Two of Europe's largest banks, Barclays and Deutsche Bank, have sold complex financial products that allowed hedge funds to avoid US taxes, a Senate report said.
The scheme has cost the federal government billions of dollars in tax revenues, according to the report by the Senate permanent subcommittee on investigations of the Committee on Homeland Security and Governmental Affairs.
The committee said an investigation revealed how British bank Barclays and Germany's Deutsche Bank developed two types of so-called "basket options" to help the hedge funds skirt US taxes.
Basket options are instruments indexed on market value, such as stocks and commodities.
From 1998 to 2013, Barclays and Deutsche Bank sold 199 basket options to more than a dozen hedge funds, which used them to conduct more than $100 billion in trades.
The banks and the hedge funds used the basket options to open proprietary trading accounts in the names of the banks, making it look like the banks owned the account assets.
However, the hedge funds exercised total control over the assets, executed all the trades, and reaped all the trading profits, the report said.
"The 'option' functioned as little more than a fictional derivative, permitting the hedge fund to cast short-term capital gains as long-term gains and authorizing financing at levels otherwise legally barred for a customer's US brokerage account."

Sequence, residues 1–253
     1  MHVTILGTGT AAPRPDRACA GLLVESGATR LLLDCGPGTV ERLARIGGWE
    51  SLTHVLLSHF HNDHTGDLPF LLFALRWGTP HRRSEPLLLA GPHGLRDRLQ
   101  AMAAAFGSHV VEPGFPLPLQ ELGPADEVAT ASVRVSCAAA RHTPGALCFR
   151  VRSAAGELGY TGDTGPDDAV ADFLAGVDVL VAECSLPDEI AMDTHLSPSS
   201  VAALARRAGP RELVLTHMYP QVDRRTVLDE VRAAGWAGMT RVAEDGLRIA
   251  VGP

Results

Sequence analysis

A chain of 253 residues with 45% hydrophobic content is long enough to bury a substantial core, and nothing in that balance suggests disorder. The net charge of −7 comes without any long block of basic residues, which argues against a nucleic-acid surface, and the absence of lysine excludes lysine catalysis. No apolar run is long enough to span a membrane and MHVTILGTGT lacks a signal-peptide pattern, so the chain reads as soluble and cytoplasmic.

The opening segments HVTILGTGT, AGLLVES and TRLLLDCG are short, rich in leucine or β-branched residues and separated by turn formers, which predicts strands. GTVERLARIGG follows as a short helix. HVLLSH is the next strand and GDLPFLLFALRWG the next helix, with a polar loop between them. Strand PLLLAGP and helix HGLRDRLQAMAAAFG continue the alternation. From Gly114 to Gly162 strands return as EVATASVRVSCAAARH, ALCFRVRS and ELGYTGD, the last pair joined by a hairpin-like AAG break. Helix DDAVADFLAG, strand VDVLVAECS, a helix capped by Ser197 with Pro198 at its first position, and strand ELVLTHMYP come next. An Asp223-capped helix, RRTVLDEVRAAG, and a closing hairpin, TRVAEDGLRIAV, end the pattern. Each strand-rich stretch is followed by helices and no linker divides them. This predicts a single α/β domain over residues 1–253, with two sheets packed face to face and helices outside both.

The banks offering the "options" benefited from the financing, trading, and other fees charged to the hedge funds initiating the trades.
The Democratic chairman of the subcommittee, Carl Levin, said the investigation focused on two important issues: "tax avoidance by profitable companies and wealthy individuals, and reckless behavior that threatens the stability of the financial system."
The Internal Revenue Service publicly identified in 2010 that type of option product was "abusive" yet the IRS has not collected taxes on many of the basket option transactions, the report said.
"These banks and hedge funds used dubious structured financial products in a giant game of 'let's pretend,' costing the Treasury billions and bypassing safeguards that protect the economy from excessive bank lending for stock speculation," Mr Levin said.